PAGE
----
“Millennials have an unrealistic sense of entitlement”

“Millennials feel entitled to anything and everything”

“Trophy kids”

So admittedly I hear more than this all day, like how we don’t spend money on wine (bull) and how we’re just not “mature” enough to understand how wine is marketed (I throw up a little everytime I hear variations on this theme) – but that’s not what we’re talking about. We’re talking about entitlement and expectations.

Now, if you are the parent of a millennial and you want to wax poetic to me about how your kids have a sense of entitlement, go for it. If you are in HR and want to vent to me about the generation’s unrealistic expectations in our careers, have at it.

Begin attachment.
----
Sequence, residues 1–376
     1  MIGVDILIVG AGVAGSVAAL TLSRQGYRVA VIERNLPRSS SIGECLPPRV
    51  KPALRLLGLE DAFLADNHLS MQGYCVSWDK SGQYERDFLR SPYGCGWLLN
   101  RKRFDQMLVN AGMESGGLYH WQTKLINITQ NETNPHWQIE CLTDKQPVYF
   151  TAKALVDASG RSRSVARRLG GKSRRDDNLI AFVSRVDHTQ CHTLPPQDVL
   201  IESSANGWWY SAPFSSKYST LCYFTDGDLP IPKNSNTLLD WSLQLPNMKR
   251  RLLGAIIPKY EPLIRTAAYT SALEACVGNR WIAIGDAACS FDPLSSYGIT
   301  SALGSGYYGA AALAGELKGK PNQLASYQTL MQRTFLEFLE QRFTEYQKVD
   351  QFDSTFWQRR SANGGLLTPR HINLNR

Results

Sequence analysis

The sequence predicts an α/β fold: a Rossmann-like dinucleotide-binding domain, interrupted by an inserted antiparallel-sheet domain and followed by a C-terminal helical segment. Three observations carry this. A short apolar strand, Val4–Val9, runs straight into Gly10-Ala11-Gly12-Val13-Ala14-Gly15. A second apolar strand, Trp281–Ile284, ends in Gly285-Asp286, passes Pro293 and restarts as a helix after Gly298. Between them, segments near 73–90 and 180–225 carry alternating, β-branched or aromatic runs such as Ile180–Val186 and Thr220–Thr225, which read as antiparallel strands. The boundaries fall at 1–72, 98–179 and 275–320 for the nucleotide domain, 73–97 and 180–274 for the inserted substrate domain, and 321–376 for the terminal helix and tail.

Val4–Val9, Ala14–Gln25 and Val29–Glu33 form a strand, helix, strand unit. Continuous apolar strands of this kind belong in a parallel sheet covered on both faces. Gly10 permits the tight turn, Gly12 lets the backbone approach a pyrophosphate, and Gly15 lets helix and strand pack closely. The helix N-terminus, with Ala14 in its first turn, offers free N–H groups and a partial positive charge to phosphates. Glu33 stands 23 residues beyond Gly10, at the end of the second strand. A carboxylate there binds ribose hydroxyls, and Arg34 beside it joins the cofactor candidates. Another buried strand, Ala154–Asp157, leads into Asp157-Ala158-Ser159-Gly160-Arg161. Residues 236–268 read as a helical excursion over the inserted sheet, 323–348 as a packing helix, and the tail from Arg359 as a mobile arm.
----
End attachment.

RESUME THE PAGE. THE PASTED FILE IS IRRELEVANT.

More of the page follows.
It’s fine. You’re talking about your children or your employees.

HOWEVER.

If you are marketing wine and you are talking about this demographic, you are talking about potential consumers. Potential CUSTOMERS. You are not talking about the fruit of your loins or an employee. You’re talking about a person whose money you would like to have in your pocket. We are no longer talking about ENTITLEMENT. We are talking about EXPECTATIONS.

Which brings me to my next point.

EVERYBODY is talking about how millennials expect special treatment. Let me break this down for you, wine industry. In two easy to digest layers.